The fool thinks, “There is no God.” (14:1)
This is not the kind of language that I would have used. Fool is a strong, aggressive, word and I think we have too much aggressive language in our contemporary society. Too many people use name calling rather than trying to understand and appreciate the position of the “fool” with whom they disagree. Rather than disparaging the atheist, ask what there is to admire about his or her set of beliefs.
NPR’s “Talk of the Nation” aired a series in 2014 examining different beliefs in the afterlife. One person interviewed was an atheist named Samuel Sheffler who published a book on “Death and the Afterlife.” I quoted from an op-ed he wrote for the New York ties in October before Yizkor on Shemini Atzeret. His position is that the fact that we know that after we die people will live on is the single most critical factor in giving us the motivation to live meaningful lives. For proof, he invites us to engage in the following thought experiment. If we knew for an absolute certainty that the world will come to an end shortly after we die – imagine that an asteroid will wipe out all life – how many of us would live the same lives that we have lived. How many of us would have children? How many of us would build wealth to give to museums, synagogues, or other charitable organizations? How many of us would do research to find a cure for cancer, write great works of literature, or create beautiful works of art – if we knew that virtually no one would enjoy or benefit from our work?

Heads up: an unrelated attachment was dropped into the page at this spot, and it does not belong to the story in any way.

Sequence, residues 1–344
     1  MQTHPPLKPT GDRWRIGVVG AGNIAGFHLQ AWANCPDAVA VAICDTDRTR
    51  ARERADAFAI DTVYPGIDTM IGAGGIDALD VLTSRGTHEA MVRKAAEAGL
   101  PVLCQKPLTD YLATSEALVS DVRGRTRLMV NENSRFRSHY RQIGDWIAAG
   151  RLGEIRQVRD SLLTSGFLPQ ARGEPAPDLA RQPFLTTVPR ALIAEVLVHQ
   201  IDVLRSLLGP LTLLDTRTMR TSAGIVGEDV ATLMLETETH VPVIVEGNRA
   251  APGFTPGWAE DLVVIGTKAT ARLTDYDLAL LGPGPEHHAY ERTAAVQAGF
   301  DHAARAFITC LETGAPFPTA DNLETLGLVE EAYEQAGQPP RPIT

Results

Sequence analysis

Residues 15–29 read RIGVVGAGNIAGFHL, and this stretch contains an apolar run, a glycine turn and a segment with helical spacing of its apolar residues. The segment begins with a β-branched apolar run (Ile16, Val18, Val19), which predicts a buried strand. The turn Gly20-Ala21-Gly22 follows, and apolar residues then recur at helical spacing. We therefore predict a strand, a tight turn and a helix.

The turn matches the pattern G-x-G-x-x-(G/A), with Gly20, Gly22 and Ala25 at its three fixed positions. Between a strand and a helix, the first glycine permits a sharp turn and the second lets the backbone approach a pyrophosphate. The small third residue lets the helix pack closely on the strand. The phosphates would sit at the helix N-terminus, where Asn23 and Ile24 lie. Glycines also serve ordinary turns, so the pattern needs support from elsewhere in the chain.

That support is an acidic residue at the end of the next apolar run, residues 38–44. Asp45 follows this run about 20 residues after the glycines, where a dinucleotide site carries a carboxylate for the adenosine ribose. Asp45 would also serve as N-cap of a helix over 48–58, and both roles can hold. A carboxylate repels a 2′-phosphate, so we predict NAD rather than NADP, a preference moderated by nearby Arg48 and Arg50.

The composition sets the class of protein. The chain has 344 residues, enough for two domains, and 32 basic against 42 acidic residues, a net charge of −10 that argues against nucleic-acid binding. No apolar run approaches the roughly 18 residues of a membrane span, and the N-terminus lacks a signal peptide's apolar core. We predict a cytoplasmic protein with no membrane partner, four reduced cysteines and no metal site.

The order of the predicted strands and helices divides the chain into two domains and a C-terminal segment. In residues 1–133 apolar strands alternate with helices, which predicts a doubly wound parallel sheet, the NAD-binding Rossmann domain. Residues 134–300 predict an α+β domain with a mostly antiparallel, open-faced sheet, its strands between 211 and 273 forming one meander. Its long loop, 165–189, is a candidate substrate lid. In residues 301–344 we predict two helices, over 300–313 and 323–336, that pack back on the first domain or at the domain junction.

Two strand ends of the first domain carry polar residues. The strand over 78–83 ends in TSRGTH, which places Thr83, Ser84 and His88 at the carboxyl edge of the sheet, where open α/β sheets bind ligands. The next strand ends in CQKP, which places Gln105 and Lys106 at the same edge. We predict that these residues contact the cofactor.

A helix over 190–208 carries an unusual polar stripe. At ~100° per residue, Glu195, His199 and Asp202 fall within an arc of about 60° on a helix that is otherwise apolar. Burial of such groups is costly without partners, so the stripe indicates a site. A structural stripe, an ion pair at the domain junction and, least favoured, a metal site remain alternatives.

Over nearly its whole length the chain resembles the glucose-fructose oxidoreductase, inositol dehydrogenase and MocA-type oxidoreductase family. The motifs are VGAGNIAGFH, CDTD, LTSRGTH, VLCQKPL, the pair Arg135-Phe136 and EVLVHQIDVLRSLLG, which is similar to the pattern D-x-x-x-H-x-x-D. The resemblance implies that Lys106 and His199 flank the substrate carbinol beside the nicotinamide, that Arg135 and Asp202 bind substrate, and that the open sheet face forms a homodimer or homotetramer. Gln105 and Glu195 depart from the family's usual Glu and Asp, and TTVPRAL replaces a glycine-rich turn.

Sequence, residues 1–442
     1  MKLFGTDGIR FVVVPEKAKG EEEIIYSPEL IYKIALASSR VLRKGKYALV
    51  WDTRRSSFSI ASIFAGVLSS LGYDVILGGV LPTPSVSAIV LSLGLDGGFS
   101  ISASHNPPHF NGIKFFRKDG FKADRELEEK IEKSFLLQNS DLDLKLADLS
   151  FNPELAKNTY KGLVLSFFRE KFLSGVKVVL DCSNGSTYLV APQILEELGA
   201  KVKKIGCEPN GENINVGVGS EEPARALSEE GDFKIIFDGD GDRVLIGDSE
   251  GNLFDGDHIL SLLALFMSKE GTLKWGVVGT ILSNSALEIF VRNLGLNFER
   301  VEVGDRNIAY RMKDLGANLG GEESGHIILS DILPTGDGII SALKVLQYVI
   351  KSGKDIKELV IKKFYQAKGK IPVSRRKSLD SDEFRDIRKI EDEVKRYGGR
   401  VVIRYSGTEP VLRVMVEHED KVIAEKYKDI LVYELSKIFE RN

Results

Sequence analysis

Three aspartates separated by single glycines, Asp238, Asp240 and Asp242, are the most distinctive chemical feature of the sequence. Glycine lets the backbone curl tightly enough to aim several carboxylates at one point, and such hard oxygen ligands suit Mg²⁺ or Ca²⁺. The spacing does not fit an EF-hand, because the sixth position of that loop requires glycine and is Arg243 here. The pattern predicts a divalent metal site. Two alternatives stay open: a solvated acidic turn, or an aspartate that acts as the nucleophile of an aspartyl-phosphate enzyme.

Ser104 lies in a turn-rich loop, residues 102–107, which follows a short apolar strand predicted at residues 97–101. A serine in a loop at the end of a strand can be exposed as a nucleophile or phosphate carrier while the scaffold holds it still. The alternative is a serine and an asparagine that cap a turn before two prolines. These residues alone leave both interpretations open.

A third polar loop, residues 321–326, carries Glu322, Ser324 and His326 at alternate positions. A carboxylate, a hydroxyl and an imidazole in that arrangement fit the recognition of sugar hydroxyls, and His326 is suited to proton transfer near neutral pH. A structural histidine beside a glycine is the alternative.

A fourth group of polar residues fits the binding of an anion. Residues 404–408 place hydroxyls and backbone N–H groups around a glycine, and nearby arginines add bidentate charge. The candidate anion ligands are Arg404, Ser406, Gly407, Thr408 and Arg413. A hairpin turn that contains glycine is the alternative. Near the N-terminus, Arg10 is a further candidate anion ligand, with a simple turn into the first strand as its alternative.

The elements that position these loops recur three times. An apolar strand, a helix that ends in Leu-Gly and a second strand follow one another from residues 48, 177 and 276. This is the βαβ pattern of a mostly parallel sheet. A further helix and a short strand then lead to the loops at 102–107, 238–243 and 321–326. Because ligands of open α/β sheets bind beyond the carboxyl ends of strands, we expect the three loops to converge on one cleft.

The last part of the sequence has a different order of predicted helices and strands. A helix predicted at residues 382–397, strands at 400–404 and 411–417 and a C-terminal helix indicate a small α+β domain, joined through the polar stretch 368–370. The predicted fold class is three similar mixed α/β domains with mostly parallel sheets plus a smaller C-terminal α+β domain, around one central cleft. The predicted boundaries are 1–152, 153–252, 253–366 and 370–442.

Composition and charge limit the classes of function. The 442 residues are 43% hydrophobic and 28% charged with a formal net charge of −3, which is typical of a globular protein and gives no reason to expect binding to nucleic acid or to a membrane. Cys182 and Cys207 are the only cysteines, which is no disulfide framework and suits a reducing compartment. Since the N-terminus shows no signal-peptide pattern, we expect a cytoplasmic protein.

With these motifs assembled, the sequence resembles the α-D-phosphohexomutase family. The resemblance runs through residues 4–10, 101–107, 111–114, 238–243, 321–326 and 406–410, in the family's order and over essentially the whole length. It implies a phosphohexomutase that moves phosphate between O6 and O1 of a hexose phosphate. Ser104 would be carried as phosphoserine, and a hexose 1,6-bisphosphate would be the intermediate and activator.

The claim, “There is no God” is also a challenge to the image of God as the old man with the white beard watching and exercising minute control over everything that happens to us. Rabbi Brad Artson (or maybe it was Rabbi David Wolpe) told a story once of a conversation he had with an atheist. The atheist claimed that believe in God was ridiculous and reason demanded that one be an atheist, and the rabbi asked to atheist to describe God and why precisely he could not believe. After listening to the atheist’s description of God, which very much resembled the description that a religious person might give, the rabbi said, “You know, I don’t believe in that God either.” He then went on to describe a much more sophisticated view of God.
Thank God for the questions of the atheist!
Dear Rabbi – Thanks for your thoughts. A Nabal is more of a scoundrel who harps on the non existence of G-d to justify his evil and unrighteous life. His clamoring is to fool himself and his compatriots; it is a folly that would inevitably expose him and not knowing that makes him a fool. It is not a strong word, I believe, as it may seem today. In the set period of time it only went to describe the mental state of a person, and I would consider it appropriate even now, if it would help one think about it.RegardsSamuel
Thanks for your thoughts, Samuel. A quick response:
I disagree that naval is not a strong word. It describes a person who is somewhat aggressive in his disobedience. In addition, keep in mind that my goal is not to illuminate the p’shat (contextual meaning) of the Psalm as much as it is to share a reflection/meditation based on one particular verse or phrase of the Psalm.